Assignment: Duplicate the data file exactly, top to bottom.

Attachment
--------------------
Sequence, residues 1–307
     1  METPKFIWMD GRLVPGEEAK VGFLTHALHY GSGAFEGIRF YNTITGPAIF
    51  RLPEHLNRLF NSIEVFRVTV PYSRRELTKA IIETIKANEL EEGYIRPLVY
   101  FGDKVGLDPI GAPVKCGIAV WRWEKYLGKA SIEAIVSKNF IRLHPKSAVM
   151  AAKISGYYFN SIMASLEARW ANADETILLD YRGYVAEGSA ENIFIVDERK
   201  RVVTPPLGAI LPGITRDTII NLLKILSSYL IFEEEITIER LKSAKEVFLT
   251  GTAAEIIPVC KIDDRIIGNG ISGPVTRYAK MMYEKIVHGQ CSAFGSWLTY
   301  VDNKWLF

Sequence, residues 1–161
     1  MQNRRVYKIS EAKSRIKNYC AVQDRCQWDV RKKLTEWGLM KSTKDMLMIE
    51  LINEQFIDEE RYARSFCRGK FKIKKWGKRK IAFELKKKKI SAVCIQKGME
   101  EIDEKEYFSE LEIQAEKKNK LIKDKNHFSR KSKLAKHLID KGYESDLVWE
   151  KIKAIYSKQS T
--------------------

Sequence, residues 1–307
     1  METPKFIWMD GRLVPGEEAK VGFLTHALHY GSGAFEGIRF YNTITGPAIF
    51  RLPEHLNRLF NSIEVFRVTV PYSRRELTKA IIETIKANEL EEGYIRPLVY
   101  FGDKVGLDPI GAPVKCGIAV WRWEKYLGKA SIEAIVSKNF IRLHPKSAVM
   151  AAKISGYYFN SIMASLEARW ANADETILLD YRGYVAEGSA ENIFIVDERK
   201  RVVTPPLGAI LPGITRDTII NLLKILSSYL IFEEEITIER LKSAKEVFLT
   251  GTAAEIIPVC KIDDRIIGNG ISGPVTRYAK MMYEKIVHGQ CSAFGSWLTY
   301  VDNKWLF

Sequence, residues 1–161
     1  MQNRRVYKIS EAKSRIKNYC AVQDRCQWDV RKKLTEWGLM KSTKDMLMIE
    51  LINEQFIDEE RYARSFCRGK FKIKKWGKRK IAFELKKKKI SAVCIQKGME
   101  EIDEKEYFSE LEIQAEKKNK LIKDKNHFSR KSKLAKHLID KGYESDLVWE
   151  KIKAIYSKQS T